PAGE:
In recent times, reconstructions of daily life in the late Soviet period have featured in numerous exhibitions, research projects and published works. The focus has tended to be on objects produced in the Soviet Union, emphasising either their avant-garde design or their absurdity and gaucheness. Debate has ebbed and flowed, with critical analyses of the ‘bourgeois tastes’ of the Soviet people in the Brezhnev era, the ‘struggle against materialism’ and the so-called ‘servants of stagnation’ (servantiki zastoia). The critiques reflect the wide range of emotions provoked by this tangible legacy of late-Soviet socialism – from fascination and nostalgia to distaste and hostility.
These exhibitions and studies have highlighted a wide panoply of objects associated in the Soviet Union with luxury: Romanian furniture, Czech crystal, Bohemian glassware, German dinner services and Syrian rugs as wall hangings which people went on waiting lists to purchase, as well as cut-glass chandeliers supposedly ‘in the style of Louis XIV’, Soviet porcelain figurines and domestically produced ‘almost Christofle’ silver cutlery sets.
In most cases, understandably and of necessity, this cultural scrutiny contains an omission – the one-off, individual artefacts which were also associated in the Soviet Union with wealth. Similarly overlooked is the local, in this case Central Asian, context in which the luxury items were acquired.
I would like to focus my account here on the life of a Soviet family on the Soviet Central Asian periphery, where colonialism, the ‘civilising mission’ and the national question never lost their relevance. In Uzbekistan the homes of those who belonged to what was known as the ‘indigenous population’ differed quite distinctly from the interiors of those from ‘non-indigenous’ ethnic groups. The latter, either second generation Soviet Russians settled and well-established in Tashkent or people who had been deported, evacuated, expelled or displaced or had fled to Central Asia, tended to do their utmost to emphasise their ‘Europeanness’.
In the apartments of the Russian and Russian-speaking middle-class residents of Tashkent who identified themselves as part of the intelligentsia (engineers, doctors, school teachers and university professors), you would have been hard pressed to find Uzbek suzani (embroidered textile ) or kurpacha mattresses. In these homes the presence of the ‘exotic East’ was generally limited to Uzbek piala tea bowls, only found in the kitchen, Indian engraved metal vases and the inevitable rugs adorning both floors and walls. The space was chiefly occupied by glass-fronted Romanian cabinets and bookcases full of books. Apart from the luxury items listed above, whether the full array or just a selection, the principal decoration was in the form of small ornaments of Western origin, from German porcelain figurines to French bronzes.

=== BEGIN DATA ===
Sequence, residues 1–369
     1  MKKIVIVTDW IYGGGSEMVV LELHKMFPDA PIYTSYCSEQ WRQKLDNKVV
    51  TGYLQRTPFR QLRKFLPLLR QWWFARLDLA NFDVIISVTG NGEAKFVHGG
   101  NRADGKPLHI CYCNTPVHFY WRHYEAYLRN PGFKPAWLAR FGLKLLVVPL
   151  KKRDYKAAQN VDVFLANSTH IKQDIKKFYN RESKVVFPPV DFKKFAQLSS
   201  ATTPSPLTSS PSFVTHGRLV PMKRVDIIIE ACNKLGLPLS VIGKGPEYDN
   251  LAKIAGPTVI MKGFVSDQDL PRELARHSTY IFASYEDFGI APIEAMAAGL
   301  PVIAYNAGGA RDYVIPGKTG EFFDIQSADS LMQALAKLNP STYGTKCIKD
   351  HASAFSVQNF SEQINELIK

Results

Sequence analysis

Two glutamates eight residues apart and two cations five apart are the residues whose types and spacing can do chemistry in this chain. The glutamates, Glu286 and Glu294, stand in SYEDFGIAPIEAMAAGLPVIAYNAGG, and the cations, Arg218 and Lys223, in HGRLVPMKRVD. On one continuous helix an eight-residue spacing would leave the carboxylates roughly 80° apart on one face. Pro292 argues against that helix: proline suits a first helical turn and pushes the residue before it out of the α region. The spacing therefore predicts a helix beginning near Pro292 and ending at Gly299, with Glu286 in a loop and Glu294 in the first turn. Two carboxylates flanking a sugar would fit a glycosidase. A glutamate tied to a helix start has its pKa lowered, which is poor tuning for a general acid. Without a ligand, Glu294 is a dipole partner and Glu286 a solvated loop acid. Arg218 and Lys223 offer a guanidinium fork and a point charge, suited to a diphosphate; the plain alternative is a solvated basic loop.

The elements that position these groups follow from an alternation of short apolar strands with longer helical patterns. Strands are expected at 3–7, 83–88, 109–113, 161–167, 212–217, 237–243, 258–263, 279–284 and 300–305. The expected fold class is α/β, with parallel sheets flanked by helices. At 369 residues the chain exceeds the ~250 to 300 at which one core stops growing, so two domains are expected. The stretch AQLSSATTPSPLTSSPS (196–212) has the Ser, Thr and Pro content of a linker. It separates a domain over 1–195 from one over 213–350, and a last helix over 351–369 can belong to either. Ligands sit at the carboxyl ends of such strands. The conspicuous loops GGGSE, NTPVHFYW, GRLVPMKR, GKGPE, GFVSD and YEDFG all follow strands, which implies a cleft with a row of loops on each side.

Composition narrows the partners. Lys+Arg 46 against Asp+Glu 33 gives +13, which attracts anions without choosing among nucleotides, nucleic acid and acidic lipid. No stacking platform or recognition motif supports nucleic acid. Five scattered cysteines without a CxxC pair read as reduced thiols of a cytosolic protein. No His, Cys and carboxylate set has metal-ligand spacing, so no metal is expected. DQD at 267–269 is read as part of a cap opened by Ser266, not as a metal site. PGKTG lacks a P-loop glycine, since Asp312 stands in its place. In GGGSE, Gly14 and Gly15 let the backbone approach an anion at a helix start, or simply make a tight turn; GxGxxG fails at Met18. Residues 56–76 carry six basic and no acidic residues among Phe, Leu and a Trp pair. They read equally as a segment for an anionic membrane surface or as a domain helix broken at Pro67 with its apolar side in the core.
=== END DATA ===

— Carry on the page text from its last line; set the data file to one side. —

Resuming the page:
There were not many routes for these works of art to find their way to Soviet Uzbekistan. Some pieces were inherited from the first generation of Russians who settled permanently in Central Asia and called themselves ‘Turkestantsy’ (Turkestanis), and their owners were generally reluctant to part with them. Others were brought back from work trips abroad by Soviet military personnel and civilian experts. For people in Tashkent who were not entitled to travel, the main means of acquiring such items was through ‘commission shops’. These were a low-key Soviet version of the second-hand shop and always smelt strongly of mothballs. They were the forerunners of Tashkent’s Tezykovka Bazaar and Yangiabad Market, which became famous in the latter years of the Soviet regime and during the post-Soviet period.
My father taught art, craft and design and regularly dropped into the commission shops in Tashkent. With impressive perseverance he accumulated his own museum of Western European decorative art and small-scale statuary and displayed it in our tiny two-roomed apartment. That’s how we came to have these copies of two bronze sculptures which were once displayed and admired in Parisian salons. One of the pieces, ‘My First Hare’ (‘Mon premier lièvre’), was the work of Maurice Constant Favre (1872?-1919?) and the other one, ‘Lizard Charmer’ (‘Charmeur de Lézards’), dated 1872, was made by Adolphe-Jean Lavergne (1852–1901).
Both sculptures were displayed on a huge desk of inlaid wood, where they stood on either side of a bronze lion, surrounded by letter-writing paraphernalia, including inkwells and a paperweight. They created a still-life reminiscent of photographs of the salons of 19th-century French writers. And works by these writers were to be found in the immediate vicinity, behind the glass of the enormous Romanian bookcase. The figurines were just two of many similar objects in our improvised home museum. My father had ended up in Tashkent when he was wounded during the Second World War and these works of art, by their very existence, were an expression of the European and Eurocentric world my father created for himself throughout his life in Soviet Uzbekistan.
Svetlana Gorshenina, CNRS/Sorbonne Université